Wednesday, August 7, 2013

What's Blooming

Oriental Lilies

A new flush of I have the biggest stand of oriental lilies planted smack behind my Katsura tree. What was I thinking? I have all of these beautiful flowers and I have to work pretty hard just to see them. I'm trying to decide where to put them if I dig them up in the fall. I probably put them there because I couldn't think of a better spot, since they get so tall (5-6 feet). They do make my yard smell nice, even if I can't see them.

Fresh figs almost ripe.

Vines and Fig Trees

I have 3 fig trees growing in my "Mediterranean Garden". All of them are doing great, although one, like my lilies, is planted in the wrong spot—in this case—too much shade. This year I have a bumper crop since we've had such a hot, dry summer.

When we moved from our house in Renton to hear I took cuttings, which looked like dead sticks, from my grapes in the back yard. We lived in an old Italian neighborhood, and presumably these are grapes from the old country since the vines there were quite gnarled and old. All of my sticks got roots. So I planted all of them in soil that is about 90% gravel by my garage. I heard that grapes like to suffer in order to produce good fruit, so mine are definitely suffering. At the advice of a vineyard owner, I have been giving them organic fertilizer, and they seem to be doing well, in spite of the bad soil.
My "mystery" grapes are finally
starting to fill the arbor.
What is it?
(If you guessed an artichoke, you are correct.)


I have always loved hydrangeas and I've gradually built up a collection in my yard. I have one called 'Ayesha' with popcorn-like blossoms, 'Pia' a small-sized mop-head type with burgundy blossoms, "Nikko Blue" the big mop head that everyone has in their yard, 'Twist and Shout', a lacecap "everblooming" type, and lots more whose names I don't remember or never had.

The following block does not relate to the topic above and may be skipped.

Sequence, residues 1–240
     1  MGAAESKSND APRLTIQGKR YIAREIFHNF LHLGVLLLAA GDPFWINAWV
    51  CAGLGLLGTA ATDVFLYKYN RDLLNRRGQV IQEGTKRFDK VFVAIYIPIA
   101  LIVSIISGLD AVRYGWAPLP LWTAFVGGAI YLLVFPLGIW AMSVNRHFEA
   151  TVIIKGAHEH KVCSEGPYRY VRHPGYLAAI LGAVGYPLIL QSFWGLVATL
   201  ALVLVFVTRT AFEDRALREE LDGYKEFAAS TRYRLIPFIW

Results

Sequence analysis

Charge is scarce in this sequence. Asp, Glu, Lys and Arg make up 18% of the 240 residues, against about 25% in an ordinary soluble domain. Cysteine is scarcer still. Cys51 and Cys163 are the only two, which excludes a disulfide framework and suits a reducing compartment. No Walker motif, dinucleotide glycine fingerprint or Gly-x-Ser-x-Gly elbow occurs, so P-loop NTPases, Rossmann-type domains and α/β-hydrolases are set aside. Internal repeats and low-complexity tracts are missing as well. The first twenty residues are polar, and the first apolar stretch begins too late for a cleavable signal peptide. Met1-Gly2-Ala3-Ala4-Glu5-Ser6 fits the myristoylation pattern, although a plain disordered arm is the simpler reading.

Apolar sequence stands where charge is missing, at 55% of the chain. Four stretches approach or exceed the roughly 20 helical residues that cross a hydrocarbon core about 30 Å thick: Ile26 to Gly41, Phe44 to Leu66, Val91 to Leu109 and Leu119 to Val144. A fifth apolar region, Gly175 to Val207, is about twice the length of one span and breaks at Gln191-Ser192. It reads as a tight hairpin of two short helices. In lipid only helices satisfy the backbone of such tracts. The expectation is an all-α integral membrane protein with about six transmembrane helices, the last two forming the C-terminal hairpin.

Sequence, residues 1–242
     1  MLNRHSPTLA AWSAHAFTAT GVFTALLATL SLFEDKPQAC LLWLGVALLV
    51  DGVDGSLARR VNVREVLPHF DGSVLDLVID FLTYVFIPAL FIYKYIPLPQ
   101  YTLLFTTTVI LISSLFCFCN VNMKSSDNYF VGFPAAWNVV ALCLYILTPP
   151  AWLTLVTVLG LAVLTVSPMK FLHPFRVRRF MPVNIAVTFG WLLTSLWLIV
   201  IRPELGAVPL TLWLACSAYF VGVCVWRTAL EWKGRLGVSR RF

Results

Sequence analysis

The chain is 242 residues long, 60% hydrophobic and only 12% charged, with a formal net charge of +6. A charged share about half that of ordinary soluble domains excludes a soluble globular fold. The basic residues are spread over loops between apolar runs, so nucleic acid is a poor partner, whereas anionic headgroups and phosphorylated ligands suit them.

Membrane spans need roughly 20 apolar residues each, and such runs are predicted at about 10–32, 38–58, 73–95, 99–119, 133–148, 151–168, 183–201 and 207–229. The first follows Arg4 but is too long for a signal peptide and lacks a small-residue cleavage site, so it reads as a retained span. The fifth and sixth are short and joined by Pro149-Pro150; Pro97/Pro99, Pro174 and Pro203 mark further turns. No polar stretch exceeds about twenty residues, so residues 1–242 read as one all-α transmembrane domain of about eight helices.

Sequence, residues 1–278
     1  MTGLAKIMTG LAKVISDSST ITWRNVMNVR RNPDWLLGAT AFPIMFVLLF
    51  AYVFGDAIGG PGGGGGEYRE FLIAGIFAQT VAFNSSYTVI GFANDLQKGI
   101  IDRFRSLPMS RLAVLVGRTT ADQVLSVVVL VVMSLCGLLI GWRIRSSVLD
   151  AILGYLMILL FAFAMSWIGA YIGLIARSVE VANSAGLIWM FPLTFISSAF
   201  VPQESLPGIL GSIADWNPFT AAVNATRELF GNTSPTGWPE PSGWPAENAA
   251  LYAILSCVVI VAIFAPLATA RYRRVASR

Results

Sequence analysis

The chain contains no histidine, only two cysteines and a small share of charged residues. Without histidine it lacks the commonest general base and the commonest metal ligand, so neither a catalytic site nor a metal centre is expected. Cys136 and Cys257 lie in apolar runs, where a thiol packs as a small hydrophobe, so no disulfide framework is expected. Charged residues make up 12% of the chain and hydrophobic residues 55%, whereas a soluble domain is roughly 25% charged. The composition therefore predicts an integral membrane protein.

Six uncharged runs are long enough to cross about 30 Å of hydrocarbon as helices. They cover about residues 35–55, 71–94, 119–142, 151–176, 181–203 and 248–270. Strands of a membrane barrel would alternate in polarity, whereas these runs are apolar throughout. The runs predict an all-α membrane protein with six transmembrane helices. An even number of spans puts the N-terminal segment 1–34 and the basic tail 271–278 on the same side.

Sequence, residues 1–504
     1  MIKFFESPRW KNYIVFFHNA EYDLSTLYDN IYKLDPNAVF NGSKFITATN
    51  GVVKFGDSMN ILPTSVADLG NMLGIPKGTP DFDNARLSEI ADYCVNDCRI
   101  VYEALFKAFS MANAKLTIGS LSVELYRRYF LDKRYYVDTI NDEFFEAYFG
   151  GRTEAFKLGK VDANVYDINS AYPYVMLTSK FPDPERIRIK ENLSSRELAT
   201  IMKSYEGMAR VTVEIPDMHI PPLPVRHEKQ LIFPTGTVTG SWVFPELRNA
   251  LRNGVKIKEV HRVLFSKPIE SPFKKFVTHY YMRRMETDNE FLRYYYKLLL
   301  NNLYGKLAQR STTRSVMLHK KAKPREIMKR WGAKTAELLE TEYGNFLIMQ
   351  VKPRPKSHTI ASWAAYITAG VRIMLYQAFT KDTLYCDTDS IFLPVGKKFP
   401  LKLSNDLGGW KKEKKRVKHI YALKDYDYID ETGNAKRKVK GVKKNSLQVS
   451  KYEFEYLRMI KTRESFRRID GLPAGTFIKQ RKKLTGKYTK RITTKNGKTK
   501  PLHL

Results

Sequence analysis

Hydrangeas are easy to start from cuttings. There are some nice videos on YouTube that can show you how. Too bad I don't have room for any more, although that hasn't stopped me before from starting new plants. Sometimes I just can't resist.
H. Paniculata
Lacecap (I lost the label)

'Twist and Shout'

Thursday, July 18, 2013

What you should be doing in your garden now

Cut me down! Euphorbia and Cranesbill will look great soon if you deadhead.
I hate snails.
  1. Deadheading roses, cutting the former flowers down to the first set of 5 leaves. You can also cut any weak or diseased branches. Some types will re-flower.
  2. Cutting down cranesbill (hardy geraniums), removing all of the flowering stems down to the ground. You should be left with some healthy leaves that haven't flowered yet. These will produce more flowers in a few weeks.
  3. Deadhead other flowering plants. Some of them will also flower again. Butterfly bush is wonderful this way; it will keep flowering till fall as long as you cut off the dead blossoms.
  4. If you have raspberries or boysenberry-type plants, cut off the canes to the ground once they have finished fruiting. New canes will come up that you will need to tie to their supports. I try to imitate the commercial growers and bend them down at the top and tie them. I assume they, like other rose-family plants get more flowers that way.
  5. Prune anything that looks out of control or dead.
  6. It's a good time to prune dwarf trees if they are getting too tall. You can prune apples, cherries, plums, apricots, etc. to a height that you can reach. Summer pruning helps to control height, whereas winter pruning stimulates growth.
  7. Water, water, water.
  8. Continue to fight slugs and snails. Snails lay around 85 eggs at a time, ever 4-6 weeks. They are most active February - October. In case you didn't notice, that is most active for 9 months of the year. Anyway, try Sluggo. It can be used on vegetable gardens and is non-toxic.